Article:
A man who killed an Alabama convenience store clerk more than two decades ago was put to death Thursday night, in an execution that required two consciousness tests as the inmate heaved and coughed 13 minutes into the lethal injection.
Ronald Bert Smith Jr., 45, was pronounced dead at 11:05 p.m., about 30 minutes after the procedure began at the state prison in southwest Alabama.
Smith was convicted of capital murder in the Nov. 8, 1994, fatal shooting of Huntsville store clerk Casey Wilson. A jury voted 7-5 to recommend a sentence of life imprisonment, but a judge overrode that recommendation and sentenced Smith to death.
Smith heaved and coughed repeatedly, clenching his fists and raising his head at the beginning of the execution. A prison guard performed two consciousness checks before the final two lethal drugs were administered. During the first one, Smith moved his arm. He slightly raised his right arm again after the second consciousness test.
The meaning of those movements will likely be debated. One of Smith’s attorneys whispered to another attorney, “He’s reacting,” and pointed out the inmate’s repeated movements.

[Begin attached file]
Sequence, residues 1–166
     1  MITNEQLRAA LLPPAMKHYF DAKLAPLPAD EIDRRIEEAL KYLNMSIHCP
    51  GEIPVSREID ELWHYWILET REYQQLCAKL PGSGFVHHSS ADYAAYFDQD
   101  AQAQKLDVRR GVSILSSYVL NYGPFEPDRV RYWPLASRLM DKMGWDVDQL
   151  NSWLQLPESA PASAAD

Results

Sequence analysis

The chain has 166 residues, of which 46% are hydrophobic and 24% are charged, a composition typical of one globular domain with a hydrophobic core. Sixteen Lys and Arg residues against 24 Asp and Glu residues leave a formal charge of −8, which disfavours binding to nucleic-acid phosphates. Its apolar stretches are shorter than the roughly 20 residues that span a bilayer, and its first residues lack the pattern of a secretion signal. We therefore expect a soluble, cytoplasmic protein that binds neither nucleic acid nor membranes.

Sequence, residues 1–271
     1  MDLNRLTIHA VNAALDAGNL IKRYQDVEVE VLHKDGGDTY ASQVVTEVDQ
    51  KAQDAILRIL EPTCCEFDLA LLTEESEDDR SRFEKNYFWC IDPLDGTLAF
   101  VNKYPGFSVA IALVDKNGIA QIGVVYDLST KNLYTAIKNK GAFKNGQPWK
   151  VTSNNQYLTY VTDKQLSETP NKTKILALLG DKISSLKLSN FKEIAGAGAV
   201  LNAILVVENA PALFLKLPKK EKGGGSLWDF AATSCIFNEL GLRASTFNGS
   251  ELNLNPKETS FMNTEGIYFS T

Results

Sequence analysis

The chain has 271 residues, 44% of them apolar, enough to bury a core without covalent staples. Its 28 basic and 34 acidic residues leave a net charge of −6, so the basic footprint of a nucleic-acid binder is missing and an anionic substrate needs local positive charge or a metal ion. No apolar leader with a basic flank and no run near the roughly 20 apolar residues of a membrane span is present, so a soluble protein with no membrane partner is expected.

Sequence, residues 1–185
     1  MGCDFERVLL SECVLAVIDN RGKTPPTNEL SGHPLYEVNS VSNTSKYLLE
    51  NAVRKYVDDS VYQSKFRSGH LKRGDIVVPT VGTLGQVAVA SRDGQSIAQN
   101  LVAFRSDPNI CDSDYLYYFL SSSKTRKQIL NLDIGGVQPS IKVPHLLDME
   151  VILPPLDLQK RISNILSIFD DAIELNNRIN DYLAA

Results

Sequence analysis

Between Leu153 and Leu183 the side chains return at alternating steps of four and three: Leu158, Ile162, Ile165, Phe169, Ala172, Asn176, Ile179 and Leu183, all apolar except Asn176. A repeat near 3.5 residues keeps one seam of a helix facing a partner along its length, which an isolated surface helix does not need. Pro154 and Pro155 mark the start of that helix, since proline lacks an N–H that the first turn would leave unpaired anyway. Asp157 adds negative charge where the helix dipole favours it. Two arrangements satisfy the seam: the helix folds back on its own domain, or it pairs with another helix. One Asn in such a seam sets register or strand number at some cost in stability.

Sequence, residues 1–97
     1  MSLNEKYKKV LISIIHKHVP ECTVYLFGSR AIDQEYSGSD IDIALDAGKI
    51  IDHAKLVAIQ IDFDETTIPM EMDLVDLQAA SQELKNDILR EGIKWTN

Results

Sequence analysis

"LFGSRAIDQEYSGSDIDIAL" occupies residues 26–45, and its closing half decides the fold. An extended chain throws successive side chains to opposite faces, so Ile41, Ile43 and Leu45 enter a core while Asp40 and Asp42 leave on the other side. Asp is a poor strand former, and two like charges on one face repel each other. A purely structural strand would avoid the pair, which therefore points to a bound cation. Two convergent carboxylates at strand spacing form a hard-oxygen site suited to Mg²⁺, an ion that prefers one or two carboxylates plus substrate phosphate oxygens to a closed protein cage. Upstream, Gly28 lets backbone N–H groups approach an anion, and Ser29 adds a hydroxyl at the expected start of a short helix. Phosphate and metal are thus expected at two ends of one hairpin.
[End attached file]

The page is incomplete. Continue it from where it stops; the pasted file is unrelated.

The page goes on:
The state prison commissioner said he did not see any reaction to the consciousness tests.
“We do know we followed our protocol. We are absolutely convinced of that,” Alabama Corrections Commissioner Jeff Dunn said Thursday evening. “There will be an autopsy that will be done on Mr. Smith and if there were any irregularities those will hopefully be shown or born out in the autopsy. I think the question is probably better left to the medical experts,” Dunn said when asked if the movement’s indicated the state’s process should be changed.
Alabama uses the sedative midazolam as the first drug in a three-drug lethal injection combination. Smith and other inmates argued in a court case that the drug was an unreliable sedative and could cause them to feel pain, citing its use in problematic executions. The U.S. Supreme Court has upheld the use of the drug.
Smith replied, “No ma’am” when asked by the prison warden if he had any final words. A member of Wilson’s family, who was not identified, witnessed the execution. The victim’s family did not make a statement.
Smith, the son of a NASA contract employee, became an Eagle Scout at 15, but his life spiraled downward because of alcoholism, according to a clemency request to Alabama’s governor. He had a final meal of fried chicken and french fries and was visited during the day by his parents and son.